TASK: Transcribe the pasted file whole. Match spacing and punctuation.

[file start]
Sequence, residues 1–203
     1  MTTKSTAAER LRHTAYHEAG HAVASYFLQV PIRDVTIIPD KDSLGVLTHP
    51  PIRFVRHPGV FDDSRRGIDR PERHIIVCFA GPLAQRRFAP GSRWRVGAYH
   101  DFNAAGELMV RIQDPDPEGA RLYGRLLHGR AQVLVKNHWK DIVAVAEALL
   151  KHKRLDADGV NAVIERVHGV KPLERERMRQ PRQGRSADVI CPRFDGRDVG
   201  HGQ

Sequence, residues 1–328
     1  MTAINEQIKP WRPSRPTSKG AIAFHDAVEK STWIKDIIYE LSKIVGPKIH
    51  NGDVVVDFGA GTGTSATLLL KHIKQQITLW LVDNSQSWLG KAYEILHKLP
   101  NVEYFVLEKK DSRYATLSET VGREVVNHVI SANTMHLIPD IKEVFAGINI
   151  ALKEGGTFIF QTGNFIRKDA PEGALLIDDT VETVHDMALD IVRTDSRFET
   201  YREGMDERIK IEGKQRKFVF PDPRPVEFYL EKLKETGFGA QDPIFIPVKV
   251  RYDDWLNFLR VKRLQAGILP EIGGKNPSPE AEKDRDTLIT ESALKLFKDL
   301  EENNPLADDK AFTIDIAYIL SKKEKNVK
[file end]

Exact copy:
Sequence, residues 1–203
     1  MTTKSTAAER LRHTAYHEAG HAVASYFLQV PIRDVTIIPD KDSLGVLTHP
    51  PIRFVRHPGV FDDSRRGIDR PERHIIVCFA GPLAQRRFAP GSRWRVGAYH
   101  DFNAAGELMV RIQDPDPEGA RLYGRLLHGR AQVLVKNHWK DIVAVAEALL
   151  KHKRLDADGV NAVIERVHGV KPLERERMRQ PRQGRSADVI CPRFDGRDVG
   201  HGQ

Sequence, residues 1–328
     1  MTAINEQIKP WRPSRPTSKG AIAFHDAVEK STWIKDIIYE LSKIVGPKIH
    51  NGDVVVDFGA GTGTSATLLL KHIKQQITLW LVDNSQSWLG KAYEILHKLP
   101  NVEYFVLEKK DSRYATLSET VGREVVNHVI SANTMHLIPD IKEVFAGINI
   151  ALKEGGTFIF QTGNFIRKDA PEGALLIDDT VETVHDMALD IVRTDSRFET
   201  YREGMDERIK IEGKQRKFVF PDPRPVEFYL EKLKETGFGA QDPIFIPVKV
   251  RYDDWLNFLR VKRLQAGILP EIGGKNPSPE AEKDRDTLIT ESALKLFKDL
   301  EENNPLADDK AFTIDIAYIL SKKEKNVK